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  Rock chameleon David Bowie lives on through his music

Rock chameleon David Bowie lives on through his music

Published : Jan 18, 2016, 5:27 am IST
Updated : Jan 18, 2016, 5:27 am IST

While most eulogies would have been written about singer-songwriter David Bowie by now, this is a good time to analyse the impact of social media on hearing of his unfortunate demise as well as my ver

David Bowie and Roger Waters Bowie performed four songs at Live Aid;
 David Bowie and Roger Waters Bowie performed four songs at Live Aid;

While most eulogies would have been written about singer-songwriter David Bowie by now, this is a good time to analyse the impact of social media on hearing of his unfortunate demise as well as my very own reminisces of this brilliant artiste.

David Bowie scored high on the ‘Billboard + Twitter Realtime Trending 140’ chart on the day following news of his death at age 69 as the title-track from Bowie’s latest album, Blackstar — released two days prior to his demise — reached no.1. The rock legend originally debuted Blackstar, the song, in November 2015, which was used as the theme for the European television series, The Last Panthers.

Blackstar — the album — was released on the icon’s birthday and, as this column is being written, there are strong indications that the album may just become Bowie’s first no.1 in the U.S., although the same slot in the U.K. is virtually assured.

My own personal memories of this musical chameleon — I call him so because of his ever-changing avatars — was listening to his The Man Who Sold The World though, first time around, it was not by him, but by a singer known as Lulu, popular for the 1967 smash, To Sir, With Love. Lulu’s rendition appeared on a multi-track single —known as an EP then — that I purchased in 1974, during school days, which also contained Terry Jack’s version of Seasons In The Sun and the Rubettes’ Sugar Baby Love.

Bowie produced the Lulu recording of The Man Who Sold The World and also contributed guitar, saxophone, and backing vocals, with the song climbing to no.5 on the U.K. singles chart in February 1974. A live rendition of the song was recorded by Nirvana in 1993 during their MTV Unplugged appearance.

A more ‘direct’ connect with Bowie occurred on July 13, 1985 when Doordarshan stunned international music listeners by deciding to broadcast Live Aid, live and, among the multi-artistes featured, Bowie was prominent by running through four songs at London’s Wembley Stadium, almost at midnight India time if I remember correctly, clothed to perfection, as always, in a light grey suit.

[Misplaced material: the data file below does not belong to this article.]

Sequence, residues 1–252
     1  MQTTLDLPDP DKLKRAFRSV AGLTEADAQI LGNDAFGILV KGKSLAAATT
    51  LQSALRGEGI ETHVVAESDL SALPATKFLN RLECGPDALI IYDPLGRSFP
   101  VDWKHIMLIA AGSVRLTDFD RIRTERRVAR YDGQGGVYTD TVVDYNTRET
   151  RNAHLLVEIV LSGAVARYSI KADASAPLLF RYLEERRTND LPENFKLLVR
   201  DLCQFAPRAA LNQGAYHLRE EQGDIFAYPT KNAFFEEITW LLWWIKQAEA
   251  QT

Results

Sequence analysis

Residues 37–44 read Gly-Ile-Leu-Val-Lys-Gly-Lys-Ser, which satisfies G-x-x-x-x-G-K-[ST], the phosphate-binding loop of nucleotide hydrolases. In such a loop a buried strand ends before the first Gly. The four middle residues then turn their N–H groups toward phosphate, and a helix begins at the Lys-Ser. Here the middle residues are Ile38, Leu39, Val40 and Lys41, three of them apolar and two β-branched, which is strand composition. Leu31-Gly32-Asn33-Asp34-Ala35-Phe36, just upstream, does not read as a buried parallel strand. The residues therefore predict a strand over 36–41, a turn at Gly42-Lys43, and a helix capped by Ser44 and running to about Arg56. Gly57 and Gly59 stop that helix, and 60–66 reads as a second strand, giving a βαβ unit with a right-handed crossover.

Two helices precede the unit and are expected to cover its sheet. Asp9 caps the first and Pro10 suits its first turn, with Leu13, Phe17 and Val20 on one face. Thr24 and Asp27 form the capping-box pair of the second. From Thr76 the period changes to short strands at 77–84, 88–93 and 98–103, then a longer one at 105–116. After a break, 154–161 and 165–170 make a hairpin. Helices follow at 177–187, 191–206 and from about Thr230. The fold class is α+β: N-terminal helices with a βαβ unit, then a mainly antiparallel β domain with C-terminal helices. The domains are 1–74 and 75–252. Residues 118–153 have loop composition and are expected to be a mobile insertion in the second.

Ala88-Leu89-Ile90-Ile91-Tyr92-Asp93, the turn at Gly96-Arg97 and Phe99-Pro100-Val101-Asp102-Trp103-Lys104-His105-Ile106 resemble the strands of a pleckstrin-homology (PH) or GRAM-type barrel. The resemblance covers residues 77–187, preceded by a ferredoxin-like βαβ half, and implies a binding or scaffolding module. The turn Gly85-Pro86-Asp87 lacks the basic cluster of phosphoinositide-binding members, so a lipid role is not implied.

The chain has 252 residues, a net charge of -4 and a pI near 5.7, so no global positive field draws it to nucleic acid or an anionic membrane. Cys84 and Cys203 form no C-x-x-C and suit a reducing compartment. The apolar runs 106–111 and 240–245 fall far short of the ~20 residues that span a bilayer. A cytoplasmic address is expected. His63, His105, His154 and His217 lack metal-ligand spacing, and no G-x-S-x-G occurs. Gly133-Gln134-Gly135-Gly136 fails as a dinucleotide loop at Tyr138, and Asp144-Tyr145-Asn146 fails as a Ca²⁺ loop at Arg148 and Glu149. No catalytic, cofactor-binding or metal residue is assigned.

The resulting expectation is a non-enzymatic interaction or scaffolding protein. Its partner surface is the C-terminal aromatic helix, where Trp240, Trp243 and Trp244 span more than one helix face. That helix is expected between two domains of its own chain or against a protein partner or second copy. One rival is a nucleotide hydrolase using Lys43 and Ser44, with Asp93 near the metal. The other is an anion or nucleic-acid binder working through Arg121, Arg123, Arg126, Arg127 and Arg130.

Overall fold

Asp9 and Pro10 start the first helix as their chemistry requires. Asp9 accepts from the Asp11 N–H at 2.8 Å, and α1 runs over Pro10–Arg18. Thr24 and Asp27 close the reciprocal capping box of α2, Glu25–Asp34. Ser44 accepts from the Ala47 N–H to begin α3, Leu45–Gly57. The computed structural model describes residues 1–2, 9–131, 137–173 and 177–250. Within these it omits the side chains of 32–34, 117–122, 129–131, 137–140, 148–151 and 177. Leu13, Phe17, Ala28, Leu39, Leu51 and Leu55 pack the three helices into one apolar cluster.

As his band commenced “TVC-15” — from 1976’s Station To Station album — Bowie went to the front of the stage, accepted the crowd response, and acknowledged a flag adorned with the lightning bolt image of Aladdin Sane, Bowie sixth album released in 1973.

The unmistakeable guitar riff of Rebel Rebel — from 1974’s Diamond Dogs — appeared next, followed by the crowd’s immediate roar of recognition at the intro to Modern Love — from Bowie’s 1983 Let’s Dance album — a song inspired by rock ‘n’ roller Little Richard. A hush would eventually fall over the massive crowd as the intro to Heroes commenced, wherein Bowie took the liberty of introducing his band, subsequently, adding: “I am forever in their debt.”

He went on to dedicate Heroes — the title track to Bowie’s 1977 album – “To my son, to all our children, and to the children of the world” and, with that, the crowd fell quiet for one of Bowie’s greatest hits (We can be heroes, just for one day), a song co-written with Brian Eno, and revived in 1998 on the soundtrack of Godzilla by The Wallflowers, featuring Bob Dylan’s son, Jakob.

Not only that but, although most people are not aware, there is also a connect between Bowie and, one of my favourite bands, Pink Floyd. Although Bowie did not appear on Roger Waters’ ‘The Wall’ tour covering 2010-13 — which is brilliantly captured and documented on a DVD recently released by Reliance Entertainment —Bowie did perform on one of the original album’s prime cuts, Comfortably Numb (ranked in Rolling Stone magazine’s ‘500 Greatest Songs Of All Time’), along with Waters’ former Pink Floyd partner, David Gilmour, at London’s Royal Albert Hall on May 29, 2006, as also on another Pink Floyd selection, Arnold Layne.

Nevertheless, Bowie and Waters did land up on the same platform some decades earlier, in 1986, when they ‘appeared’ on the soundtrack of When The Wind Blows — which contained music by Waters — although the keyboard-driven title song was composed by Bowie.

While there really is so much to write on David Bowie and even more once you discover his multifarious musical avatars, suffice to say that there are not many globally popular artistes who can boast of releasing 9 live albums, 25 studio albums, and 46 compilations, having combined sales upwards of 140 million units. R.I.P., David Bowie, you are already missed!

The writer has been part of the media and entertainment business for over 23 years. He still continues to pursue his hobby, and earns an income out of it.